Ski resorts peg opening dates with possible winter storm approaching | NevadaAppeal.com

Ski resorts peg opening dates with possible winter storm approaching

Amanda Fehd
Nevada Appeal News Service

Lake Tahoe ski resorts received a spattering of powder Thursday, reminding snow lovers and resort promoters that winter is on its way.

All three South Shore resorts aim to open before Thanksgiving.

Heavenly Mountain Resort’s spokesperson Russ Pecoraro said the ski area will begin making snow Tuesday and will open Nov. 18.

“By the time Thanksgiving comes, you are a well-oiled machine,” Pecoraro said.

Kirkwood Mountain Resort will also begin making snow Tuesday, spokeswoman Tracy Miller said, and will open Nov. 19 if all goes well.

Sierra-at-Tahoe hopes to open Nov. 18, depending on conditions.

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“Sierra is dependent on natural snowfall,” said spokeswoman Nicole Belt. “We have limited snow-making abilities so it’s entirely based on snowfall. This is definitely a good start.”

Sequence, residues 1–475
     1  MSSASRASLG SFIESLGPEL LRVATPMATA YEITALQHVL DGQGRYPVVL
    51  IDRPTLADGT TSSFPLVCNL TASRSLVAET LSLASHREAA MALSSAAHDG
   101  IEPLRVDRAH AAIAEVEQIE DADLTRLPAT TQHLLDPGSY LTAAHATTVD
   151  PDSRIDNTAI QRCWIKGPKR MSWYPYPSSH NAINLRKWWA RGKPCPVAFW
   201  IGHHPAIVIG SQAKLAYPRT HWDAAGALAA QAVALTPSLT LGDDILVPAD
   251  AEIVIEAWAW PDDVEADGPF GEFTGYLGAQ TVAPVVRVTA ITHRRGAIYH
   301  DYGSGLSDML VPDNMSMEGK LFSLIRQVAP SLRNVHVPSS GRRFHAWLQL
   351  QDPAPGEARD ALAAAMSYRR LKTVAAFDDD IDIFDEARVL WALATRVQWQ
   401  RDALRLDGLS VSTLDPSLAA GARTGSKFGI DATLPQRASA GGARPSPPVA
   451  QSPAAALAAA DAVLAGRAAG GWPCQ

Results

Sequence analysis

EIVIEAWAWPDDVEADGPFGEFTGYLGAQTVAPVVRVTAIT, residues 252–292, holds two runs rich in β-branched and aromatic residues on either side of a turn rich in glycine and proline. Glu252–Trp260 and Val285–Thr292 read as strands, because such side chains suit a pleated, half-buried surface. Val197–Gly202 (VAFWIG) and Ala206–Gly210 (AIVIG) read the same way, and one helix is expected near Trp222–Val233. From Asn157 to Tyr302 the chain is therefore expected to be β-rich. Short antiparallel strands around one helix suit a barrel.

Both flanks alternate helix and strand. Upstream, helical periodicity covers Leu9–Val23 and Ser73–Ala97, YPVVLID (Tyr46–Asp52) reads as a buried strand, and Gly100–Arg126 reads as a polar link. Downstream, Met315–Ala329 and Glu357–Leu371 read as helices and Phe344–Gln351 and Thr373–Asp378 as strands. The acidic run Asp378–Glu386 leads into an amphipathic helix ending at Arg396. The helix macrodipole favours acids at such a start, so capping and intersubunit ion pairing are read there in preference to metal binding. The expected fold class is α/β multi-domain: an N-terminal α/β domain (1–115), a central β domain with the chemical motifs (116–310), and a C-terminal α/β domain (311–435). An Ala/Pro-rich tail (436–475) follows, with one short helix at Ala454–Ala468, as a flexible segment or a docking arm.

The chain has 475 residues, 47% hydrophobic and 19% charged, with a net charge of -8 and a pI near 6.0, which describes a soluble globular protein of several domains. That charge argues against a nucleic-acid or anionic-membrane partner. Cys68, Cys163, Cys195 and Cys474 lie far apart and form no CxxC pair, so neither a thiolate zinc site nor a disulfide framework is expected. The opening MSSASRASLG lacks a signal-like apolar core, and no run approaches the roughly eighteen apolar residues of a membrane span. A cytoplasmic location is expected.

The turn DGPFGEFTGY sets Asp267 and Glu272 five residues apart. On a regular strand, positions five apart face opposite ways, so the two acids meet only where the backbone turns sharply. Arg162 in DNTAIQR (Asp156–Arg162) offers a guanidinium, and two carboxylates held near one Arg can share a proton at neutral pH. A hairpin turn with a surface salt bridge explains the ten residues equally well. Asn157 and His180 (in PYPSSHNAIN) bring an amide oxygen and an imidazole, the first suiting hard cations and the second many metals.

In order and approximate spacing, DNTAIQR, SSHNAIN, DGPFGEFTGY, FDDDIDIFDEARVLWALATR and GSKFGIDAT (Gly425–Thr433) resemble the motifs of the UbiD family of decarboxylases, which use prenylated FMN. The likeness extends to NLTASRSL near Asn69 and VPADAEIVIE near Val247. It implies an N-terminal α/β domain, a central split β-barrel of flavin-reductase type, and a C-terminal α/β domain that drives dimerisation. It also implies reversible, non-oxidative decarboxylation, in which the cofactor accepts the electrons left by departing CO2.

Sierra reported six inches at the top of its mountain Thursday. Kirkwood reported four inches while Heavenly said it got a “dusting.”

Weathermen predict a slight chance of snow Friday, clearing up over the weekend.

At this time last year, jack-o’-lanterns were buried under four feet of powder. Some ski areas were open by Halloween.

Sierra-at-Tahoe closed last spring with more than 16 feet of base snow.

The heavy snowfall brought Lake Tahoe out of a multiple-year drought. Scientists at Desert Research Institute have been experimenting for years on how to get more snow out of storms in drought-ridden areas.

The institute has a cloud-seeding program, which squeezes up to a millimeter of extra snow out of each storm, totaling tens of thousands of extra acre-feet of snow water, according to Arlen Huggins, a researcher with DRI.

“It’s a potential source of freshwater that doesn’t require building of dams, or diverting of streams,” Huggins said. “It produces water in the atmosphere that doesn’t fall naturally.”

The technique involves blasting silver iodide into the atmosphere, which binds to moisture.

They only do it when storms are cold enough, around 5 degrees below zero Centigrade at the mountain tops.

No seeding is planned for this storm, Huggins said.